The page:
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Accuracy in AppSec Is Critical to Reducing False Positives


According to a new report from the Neustar International Security Council (NISC), over one-quarter of security alerts fielded within organizations are false positives. Surveying senior security professionals across five European countries and the U.S., the report highlights the need for more advanced and accurate security solutions to help reduce alert-wary cybersecurity teams overwhelmed by massive alert volumes.

Alert Fatigue and Its Causes

Following are some of the key highlights from the report:

More than 41% of organizations experience over 10,000 alerts a day. That said, many of them are not critical. Teams need to be able to quickly differentiate between low-fidelity alerts that clutter security analysts’ dashboards and those that pinpoint legitimate potential malicious activity. This expanding volume of low-fidelity alerts has become a source of “noise” that consumes valuable time — from developers to the security operations center (SOC). Thousands of hours can be wasted annually confirming if an alert is legitimate or a false positive.

While security tools may trigger alert notifications, this doesn’t mean the activity is malicious. Security configuration errors, inaccuracies in legacy detection tools, and improperly applied security control algorithms can all contribute to false-positive rates. Other contributing factors include:

  • Lack of context in the alert generation process.
  • Inability to consolidate and classify alerts.

Another reason for the deluge in alerts is the fact that many companies deploy multiple security controls that fail to correlate event data. Disparate events may not be linked, with the tools used by security analysts operating in separate silos with little consolidation. Log management and security information and event management (SIEM) systems can perform a correlation between separate products, yet they require significant customization to accurately report events.

Tools like these often require a security analyst to confirm the accuracy of the alert—namely, if it’s a true legitimate alert or false positive. While these types of solutions can coordinate and aggregate data to analyze alerts, they don’t address the challenges posed by high rates of false positives.

Further complicating matters are intrusion detection and prevention systems (IDS/IPS) that cannot accurately aggregate multiple alerts. For instance, if a single alert shows that an internal system attempted but failed to connect to an external IP address 50 times, most tools will generate 50 separate failed connection alerts, versus recognizing it as one repeated action.

Security Alert Overload Introduces Risk and Inefficiencies

The time it takes to investigate and validate a single alert can require a multitude of tools just to decide if an alert should be escalated. According to a report by CRITICALSTART, incident responders spend an average of 2.5 to 5 hours each day investigating alerts.

Unable to cope with the endless stream of alerts, security teams are tuning specific alert features to stem the stream of alerts to reduce volume. But this often ratchets up risk, as they may elect to ignore certain categories of alerts and turn off high-volume alert features.

As a result, one of the challenges development teams have in managing alert fatigue in application security (AppSec) is finding the right balance between setting liberal controls—that could potentially flood systems with alerts—and more stringent alert criteria that could find teams subject to false negatives.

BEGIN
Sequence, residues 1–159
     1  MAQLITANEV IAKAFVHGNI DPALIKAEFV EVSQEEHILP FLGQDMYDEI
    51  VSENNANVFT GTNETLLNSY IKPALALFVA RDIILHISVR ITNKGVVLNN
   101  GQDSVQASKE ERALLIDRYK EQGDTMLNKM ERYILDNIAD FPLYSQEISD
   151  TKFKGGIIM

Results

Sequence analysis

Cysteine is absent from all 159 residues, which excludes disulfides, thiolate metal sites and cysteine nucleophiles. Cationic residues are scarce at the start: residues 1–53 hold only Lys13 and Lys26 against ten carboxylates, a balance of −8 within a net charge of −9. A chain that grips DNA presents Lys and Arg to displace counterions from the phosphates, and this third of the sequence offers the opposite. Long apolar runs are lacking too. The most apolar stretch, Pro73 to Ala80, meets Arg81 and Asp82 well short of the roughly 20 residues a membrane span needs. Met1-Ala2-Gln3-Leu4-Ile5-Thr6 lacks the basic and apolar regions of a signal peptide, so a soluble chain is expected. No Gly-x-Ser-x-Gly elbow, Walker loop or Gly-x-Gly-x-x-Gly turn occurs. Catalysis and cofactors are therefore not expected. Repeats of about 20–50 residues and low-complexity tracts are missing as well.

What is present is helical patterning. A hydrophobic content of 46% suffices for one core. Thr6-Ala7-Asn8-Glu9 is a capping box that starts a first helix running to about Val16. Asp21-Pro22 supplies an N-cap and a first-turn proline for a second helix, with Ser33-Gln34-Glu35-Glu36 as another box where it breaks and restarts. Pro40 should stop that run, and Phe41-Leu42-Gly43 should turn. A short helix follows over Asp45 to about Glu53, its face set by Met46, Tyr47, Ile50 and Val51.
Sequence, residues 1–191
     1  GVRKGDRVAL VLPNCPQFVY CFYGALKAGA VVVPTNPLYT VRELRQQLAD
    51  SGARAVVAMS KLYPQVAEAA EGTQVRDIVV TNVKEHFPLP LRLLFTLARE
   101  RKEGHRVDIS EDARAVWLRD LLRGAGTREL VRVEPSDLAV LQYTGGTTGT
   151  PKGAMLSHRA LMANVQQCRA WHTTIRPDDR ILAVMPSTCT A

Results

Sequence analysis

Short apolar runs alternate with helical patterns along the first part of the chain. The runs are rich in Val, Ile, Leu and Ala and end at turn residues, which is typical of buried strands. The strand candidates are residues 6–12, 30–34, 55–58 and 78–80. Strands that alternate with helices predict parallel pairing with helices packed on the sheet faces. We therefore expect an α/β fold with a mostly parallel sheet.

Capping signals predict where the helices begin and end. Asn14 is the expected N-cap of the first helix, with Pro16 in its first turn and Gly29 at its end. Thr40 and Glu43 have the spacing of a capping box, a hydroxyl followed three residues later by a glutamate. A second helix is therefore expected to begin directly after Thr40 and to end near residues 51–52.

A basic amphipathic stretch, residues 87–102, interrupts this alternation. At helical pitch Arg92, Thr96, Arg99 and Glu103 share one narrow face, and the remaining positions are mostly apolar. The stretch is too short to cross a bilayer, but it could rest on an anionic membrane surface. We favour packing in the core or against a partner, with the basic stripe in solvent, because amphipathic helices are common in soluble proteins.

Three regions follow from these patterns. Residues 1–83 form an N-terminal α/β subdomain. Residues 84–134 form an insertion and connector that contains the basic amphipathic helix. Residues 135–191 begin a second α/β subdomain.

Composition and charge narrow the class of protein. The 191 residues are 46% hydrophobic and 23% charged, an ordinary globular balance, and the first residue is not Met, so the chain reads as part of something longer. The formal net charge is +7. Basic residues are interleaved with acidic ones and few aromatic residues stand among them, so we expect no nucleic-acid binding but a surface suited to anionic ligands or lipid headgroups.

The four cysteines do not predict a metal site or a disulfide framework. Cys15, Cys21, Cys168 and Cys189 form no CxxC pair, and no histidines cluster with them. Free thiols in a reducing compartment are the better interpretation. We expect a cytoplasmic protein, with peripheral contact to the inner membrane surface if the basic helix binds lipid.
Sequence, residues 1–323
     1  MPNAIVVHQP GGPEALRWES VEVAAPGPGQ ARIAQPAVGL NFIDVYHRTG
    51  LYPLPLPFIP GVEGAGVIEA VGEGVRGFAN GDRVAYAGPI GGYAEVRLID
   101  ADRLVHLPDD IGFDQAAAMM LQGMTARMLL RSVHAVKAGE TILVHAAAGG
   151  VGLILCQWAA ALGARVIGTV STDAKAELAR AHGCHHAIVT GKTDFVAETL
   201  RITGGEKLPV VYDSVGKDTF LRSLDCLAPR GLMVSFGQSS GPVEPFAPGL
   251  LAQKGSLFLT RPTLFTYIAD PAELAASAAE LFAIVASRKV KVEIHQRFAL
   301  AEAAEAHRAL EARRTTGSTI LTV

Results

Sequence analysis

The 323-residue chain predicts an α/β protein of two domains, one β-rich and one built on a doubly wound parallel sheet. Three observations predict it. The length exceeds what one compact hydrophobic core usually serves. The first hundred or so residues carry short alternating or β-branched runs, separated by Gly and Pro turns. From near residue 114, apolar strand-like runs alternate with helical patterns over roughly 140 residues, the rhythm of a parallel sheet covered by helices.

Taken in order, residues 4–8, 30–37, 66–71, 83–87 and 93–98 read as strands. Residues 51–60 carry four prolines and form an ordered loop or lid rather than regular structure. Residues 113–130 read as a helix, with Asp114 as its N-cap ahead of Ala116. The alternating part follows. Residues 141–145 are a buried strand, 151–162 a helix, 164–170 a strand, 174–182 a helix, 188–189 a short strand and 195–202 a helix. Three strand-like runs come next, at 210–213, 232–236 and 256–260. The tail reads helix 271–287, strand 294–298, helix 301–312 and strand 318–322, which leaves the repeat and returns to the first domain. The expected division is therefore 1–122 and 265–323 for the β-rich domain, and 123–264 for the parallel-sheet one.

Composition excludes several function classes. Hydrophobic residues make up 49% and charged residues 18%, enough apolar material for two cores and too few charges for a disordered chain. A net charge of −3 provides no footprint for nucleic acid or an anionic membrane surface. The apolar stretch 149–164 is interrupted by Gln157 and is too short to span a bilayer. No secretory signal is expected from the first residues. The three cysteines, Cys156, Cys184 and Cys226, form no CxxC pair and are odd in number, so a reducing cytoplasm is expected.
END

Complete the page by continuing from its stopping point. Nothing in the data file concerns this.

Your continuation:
While false positives may be annoying and burden teams with additional triage requests, false negatives tend to be more nefarious, because the functionality of an application that is tested is erroneously flagged as “passing” yet, in reality, it contains one or more vulnerabilities. For AppSec teams, the objective is having the ability to detect valid threats that provide quality alerts, supported by the context and evidence to inspect them accurately and continuously.

Reducing Alert Fatigue With Instrumented AppSec

Fortunately, technologies like instrumentation help automate security testing to reduce false positives and false negatives.

Instrumentation is the ability to record and measure information within an application without changing the application itself. Some current “flavors” of security instrumentation today include the following technologies:

  • Software Composition Analysis (SCA).SCA performs inventory and assesses all open-source libraries
  • Runtime Application Self-Protection (RASP). A RASP monitors threats and attacks while preventing vulnerabilities from being exploited.
  • Interactive Application Security Testing (IAST). An IAST monitors applications for novel vulnerabilities in custom code and libraries.

By instrumenting an application with passive sensors, teams have more access to information about the application and its execution, delivering unprecedented levels of speed and accuracy in identifying vulnerabilities. This unique approach to modern AppSec produces the intelligence and evidence necessary to detect vulnerabilities with virtually no false positives and no false negatives.

At the end of the day, your security tools need to give you less, but significant, alerts that contain the correct intelligence to best inform your security and development teams. With technologies that use instrumentation, like SCA, IAST, and RASP, you can achieve high accuracy due to the visibility into an application and its runtime environment as code loads into memory to provide enhanced security logging for analytics.

 

Featured in DZone | June 1, 2020

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